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NanoEarth Training Gets Doctoral Student Deeper into Water Research

Mark River is a Ph.D. candidate at the Nicholas School of the Environment working in the Duke University Wetland Center. For his dissertation research on how phosphorus is transported by particles in stormwater, he wanted to tap into the resources at Virginia Tech’s National Center for Earth and Environmental Nanotechnology Infrastructure (NanoEarth).

River was among 19 Duke students who received Graduate Student Training Enhancement Grants (GSTEG) in 2016-17 for training beyond their core disciplines. His faculty mentor was Curtis J. Richardson. He shared a quick update on his experience:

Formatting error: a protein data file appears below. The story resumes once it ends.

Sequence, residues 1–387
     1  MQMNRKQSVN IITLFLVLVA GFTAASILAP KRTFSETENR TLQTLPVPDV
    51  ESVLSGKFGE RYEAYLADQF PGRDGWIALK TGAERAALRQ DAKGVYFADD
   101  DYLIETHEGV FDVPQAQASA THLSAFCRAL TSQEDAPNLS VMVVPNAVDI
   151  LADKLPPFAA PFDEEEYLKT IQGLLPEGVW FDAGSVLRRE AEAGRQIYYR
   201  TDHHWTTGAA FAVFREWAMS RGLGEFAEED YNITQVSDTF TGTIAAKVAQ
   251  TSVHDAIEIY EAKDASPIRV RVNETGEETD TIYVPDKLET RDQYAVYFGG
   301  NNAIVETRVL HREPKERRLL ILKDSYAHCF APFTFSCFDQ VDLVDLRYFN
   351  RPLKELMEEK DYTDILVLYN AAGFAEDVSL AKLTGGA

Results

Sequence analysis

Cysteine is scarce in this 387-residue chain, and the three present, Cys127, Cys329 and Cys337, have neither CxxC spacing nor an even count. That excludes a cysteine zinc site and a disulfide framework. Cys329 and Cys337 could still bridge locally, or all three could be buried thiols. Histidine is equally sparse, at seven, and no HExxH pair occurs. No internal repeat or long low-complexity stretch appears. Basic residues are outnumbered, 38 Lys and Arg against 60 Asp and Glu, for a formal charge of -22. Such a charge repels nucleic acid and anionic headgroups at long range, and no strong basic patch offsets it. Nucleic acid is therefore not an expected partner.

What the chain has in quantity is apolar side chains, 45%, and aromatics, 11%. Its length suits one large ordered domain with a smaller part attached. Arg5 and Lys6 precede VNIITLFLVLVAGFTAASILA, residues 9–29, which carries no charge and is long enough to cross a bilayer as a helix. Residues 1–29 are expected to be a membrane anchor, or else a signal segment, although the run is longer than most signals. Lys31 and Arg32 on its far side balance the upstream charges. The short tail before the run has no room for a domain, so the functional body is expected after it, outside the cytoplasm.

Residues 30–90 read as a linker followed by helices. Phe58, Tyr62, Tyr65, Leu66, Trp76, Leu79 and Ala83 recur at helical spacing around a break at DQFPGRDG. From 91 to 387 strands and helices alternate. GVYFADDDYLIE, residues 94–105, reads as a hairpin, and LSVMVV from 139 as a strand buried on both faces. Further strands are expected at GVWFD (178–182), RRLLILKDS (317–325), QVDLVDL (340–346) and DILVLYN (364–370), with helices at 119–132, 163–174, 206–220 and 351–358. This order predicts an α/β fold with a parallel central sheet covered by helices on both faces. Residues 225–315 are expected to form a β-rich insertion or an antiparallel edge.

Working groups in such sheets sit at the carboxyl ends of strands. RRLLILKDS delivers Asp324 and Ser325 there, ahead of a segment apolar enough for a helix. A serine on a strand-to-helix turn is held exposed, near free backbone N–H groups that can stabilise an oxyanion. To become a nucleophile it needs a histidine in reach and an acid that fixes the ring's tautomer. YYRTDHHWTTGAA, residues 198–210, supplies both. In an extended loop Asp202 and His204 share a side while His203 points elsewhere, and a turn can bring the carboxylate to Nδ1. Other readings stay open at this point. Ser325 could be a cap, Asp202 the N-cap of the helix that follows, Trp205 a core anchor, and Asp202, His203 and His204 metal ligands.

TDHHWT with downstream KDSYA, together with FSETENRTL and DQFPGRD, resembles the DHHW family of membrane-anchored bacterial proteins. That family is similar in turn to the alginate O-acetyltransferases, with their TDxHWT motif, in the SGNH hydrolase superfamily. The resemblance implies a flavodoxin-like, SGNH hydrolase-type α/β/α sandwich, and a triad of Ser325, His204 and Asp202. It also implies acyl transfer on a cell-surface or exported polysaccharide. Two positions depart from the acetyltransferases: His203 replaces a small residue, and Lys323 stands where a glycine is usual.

I traveled to Virginia Tech and learned hands-on transmission electron microscopy (TEM) on two different instruments: elemental analysis using Energy Dispersive Spectroscopy (EDS); and High Angle Annular Dark Field (HAADF) and Electron Energy Loss Spectrometry (EELS). I learned a lot about these high-tech tools, which I had no exposure to previously. Using the data I obtained in the two full days at Virginia Tech, I am working towards a nice publication that I would not otherwise have the data for.

Last month River and Duke alumnus Scott Winton published a study in Water Research on the transport of phosphorus and nitrogen into surface waters from seagulls at landfills.

Graduate Student Training Enhancement Grants are intended to deepen preparation for academic positions and other career trajectories. This internal funding mechanism from the Office of the Vice Provost for Interdisciplinary Studies encourages graduate students to step away from their core research and training to acquire skills, knowledge or co-curricular experiences that will give them new perspectives on their research agendas.

See who received these grants for 2017-18, and read about other 2016-17 recipients’ experiences:

Image: Mark River and examples of data stemming from his Virginia Tech training